How will the ASC industry change? 6 experts weigh in

Six experts shared their thoughts on the future of the ASC industry with Becker's ASC Review:

David Jacofsky, MD. CEO and Founder of HOPCo and the CORE Institute (Phoenix):

"The ASC industry is a game changer when it comes to the medical marketplace and will continue to be so. But all of that opportunity is predicated on effective delivery of promised quality and value. That's why at HOPCo, the CORE Institute and our other affiliated practices have invested heavily in the development of integrated protocols, proprietary tools and data capabilities proven to provide such outcomes at lower costs. Growing acknowledgment of the advantages offered by high quality ASCs will not only attract more patients, but likely convince regulators to further expand the roles that ASCs can play in our healthcare system while further incentivizing employers and insurers to drive patients to such high value sites of care delivery."

Randall Schultz, MD. Orthopedic surgeon with Texas Orthopedics (Austin):

"I think it will be increasingly recognized as a viable competitor to the hospital experience. Often physicians have a greater role in ownership and administration of these facilities, and this often leads to quality improvements and better patient experience. It is important that ASCs maintain the same regulatory standards and not put profits in front of safety."

Marcus Rothermich, MD. Orthopedic and sports medicine specialist at Andrews Sports Medicine & Orthopaedic Center (Birmingham, Ala.):

"I think we will see a continuation of recent trends from the past decade or so. Private physician ownership and an increase in the capability of these centers will continue to provide many convenient benefits to patients undergoing outpatient surgery."

Nikhil Verma, MD. Professor and director, division of sports medicine at Midwest Orthopedics at Rush (Chicago):

The ASC is the biggest opportunity to improve on value in joint replacement. This includes both outcomes and cost side which are lower at an ASC. Facilities need to embrace change and pursue orthopedic speciality certification while working to develop and refine protocols specific to total joint patients to include monitoring and recording outcomes.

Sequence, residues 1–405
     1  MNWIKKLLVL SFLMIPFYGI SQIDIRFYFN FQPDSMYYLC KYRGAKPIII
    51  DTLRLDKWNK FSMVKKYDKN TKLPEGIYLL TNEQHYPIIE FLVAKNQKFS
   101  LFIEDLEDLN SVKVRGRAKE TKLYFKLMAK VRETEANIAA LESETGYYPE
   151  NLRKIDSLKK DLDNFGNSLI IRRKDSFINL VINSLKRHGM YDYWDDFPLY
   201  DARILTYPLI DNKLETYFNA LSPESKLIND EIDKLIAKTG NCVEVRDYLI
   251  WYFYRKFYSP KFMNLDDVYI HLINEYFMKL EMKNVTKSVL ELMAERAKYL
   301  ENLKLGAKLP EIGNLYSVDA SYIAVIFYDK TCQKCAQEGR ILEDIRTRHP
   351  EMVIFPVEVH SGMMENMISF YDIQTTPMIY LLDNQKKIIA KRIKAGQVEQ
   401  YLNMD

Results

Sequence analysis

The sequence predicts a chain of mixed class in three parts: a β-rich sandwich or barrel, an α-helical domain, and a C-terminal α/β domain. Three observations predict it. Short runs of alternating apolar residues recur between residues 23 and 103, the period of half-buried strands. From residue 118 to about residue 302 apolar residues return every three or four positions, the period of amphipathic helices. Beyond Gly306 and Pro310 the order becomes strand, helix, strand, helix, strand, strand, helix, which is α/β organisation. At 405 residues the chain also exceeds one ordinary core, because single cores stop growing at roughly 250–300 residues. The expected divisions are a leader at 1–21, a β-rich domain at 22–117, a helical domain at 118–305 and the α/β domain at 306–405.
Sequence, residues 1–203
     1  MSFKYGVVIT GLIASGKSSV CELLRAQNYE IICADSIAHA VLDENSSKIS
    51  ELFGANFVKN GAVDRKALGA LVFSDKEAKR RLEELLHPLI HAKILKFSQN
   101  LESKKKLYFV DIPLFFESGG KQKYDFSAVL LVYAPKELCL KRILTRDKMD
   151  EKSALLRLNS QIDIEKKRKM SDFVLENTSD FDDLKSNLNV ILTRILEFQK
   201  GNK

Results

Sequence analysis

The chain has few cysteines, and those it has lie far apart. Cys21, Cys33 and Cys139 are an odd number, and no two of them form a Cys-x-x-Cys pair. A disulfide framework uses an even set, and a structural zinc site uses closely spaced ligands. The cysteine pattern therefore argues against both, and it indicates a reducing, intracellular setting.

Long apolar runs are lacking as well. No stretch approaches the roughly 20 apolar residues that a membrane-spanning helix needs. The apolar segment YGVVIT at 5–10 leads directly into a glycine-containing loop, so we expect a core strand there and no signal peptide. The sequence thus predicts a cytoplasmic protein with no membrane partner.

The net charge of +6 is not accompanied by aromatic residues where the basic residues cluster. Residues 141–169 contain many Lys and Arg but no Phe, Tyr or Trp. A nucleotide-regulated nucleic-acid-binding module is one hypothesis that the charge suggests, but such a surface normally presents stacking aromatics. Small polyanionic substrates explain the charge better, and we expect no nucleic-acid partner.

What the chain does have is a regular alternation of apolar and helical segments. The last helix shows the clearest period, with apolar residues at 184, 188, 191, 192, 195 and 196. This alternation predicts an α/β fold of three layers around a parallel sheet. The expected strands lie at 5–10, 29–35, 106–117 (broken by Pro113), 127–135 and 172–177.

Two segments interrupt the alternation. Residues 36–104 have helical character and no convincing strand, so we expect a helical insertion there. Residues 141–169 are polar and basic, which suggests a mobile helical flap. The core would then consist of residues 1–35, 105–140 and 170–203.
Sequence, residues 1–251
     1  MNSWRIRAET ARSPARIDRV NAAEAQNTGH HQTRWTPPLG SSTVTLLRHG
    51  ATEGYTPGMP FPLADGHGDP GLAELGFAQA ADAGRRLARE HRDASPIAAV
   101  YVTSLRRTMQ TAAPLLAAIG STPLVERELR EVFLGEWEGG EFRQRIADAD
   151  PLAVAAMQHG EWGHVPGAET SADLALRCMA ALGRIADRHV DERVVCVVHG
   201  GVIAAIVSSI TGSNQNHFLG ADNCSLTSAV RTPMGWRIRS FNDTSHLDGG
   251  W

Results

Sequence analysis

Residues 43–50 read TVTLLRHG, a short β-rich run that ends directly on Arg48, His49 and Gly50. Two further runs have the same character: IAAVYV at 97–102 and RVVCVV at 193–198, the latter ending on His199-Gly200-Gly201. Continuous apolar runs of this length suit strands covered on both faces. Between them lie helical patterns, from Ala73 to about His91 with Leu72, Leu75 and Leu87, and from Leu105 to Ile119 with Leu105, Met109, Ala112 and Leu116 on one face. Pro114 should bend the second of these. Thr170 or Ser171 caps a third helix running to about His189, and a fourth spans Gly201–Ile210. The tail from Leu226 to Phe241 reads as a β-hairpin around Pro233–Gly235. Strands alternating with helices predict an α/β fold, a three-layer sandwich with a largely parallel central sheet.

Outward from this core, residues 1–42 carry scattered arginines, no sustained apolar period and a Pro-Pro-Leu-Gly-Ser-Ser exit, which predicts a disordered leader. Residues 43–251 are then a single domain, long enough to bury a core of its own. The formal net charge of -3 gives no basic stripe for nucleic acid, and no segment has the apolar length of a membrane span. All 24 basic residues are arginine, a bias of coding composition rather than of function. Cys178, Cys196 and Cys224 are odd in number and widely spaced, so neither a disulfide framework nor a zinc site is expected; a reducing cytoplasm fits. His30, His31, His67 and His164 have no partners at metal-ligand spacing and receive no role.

Louis Levitt, MD. Vice president and secretary of The Centers for Advanced Orthopaedics (Bethesda, Md.):

In the future, I believe ASCs will expand beyond just orthopedics, and patients will also have access to more sophisticated procedures in the outpatient setting. I expect we will begin to see outpatient cardiology procedures such as cardiac stents and limited procedures on the heart valves, which can be done effectively and safely on the right patients who qualify for outpatient surgery. We'll also see continued increase in outpatient spine surgery.

Peggy Wellman. Pacific market president of United Surgical Partners International:

"I was reflecting on how we've pivoted from working directly with physicians, making sure that they have a say in who we employ, what policies are in place clinically for the care of their patients and the equipment we support. Then we moved to speaking directly with the payers, helping them to understand what we were capable of, and then we progressed with partnering with hospitals and health systems. Now we're having to focus on the patient as a consumer. We're more focused on patient experience with third-party measurements that can stand on their own, measuring how good our experience is for patients. [ASCs] offer transparency on cost — if you need to have a surgery done in a surgery center, it's easy for us to tell you what your benefit is, what your share of the cost will be — there shouldn't be any surprises when you go to a surgery center. It's a much simpler place to understand what your expenses will be."

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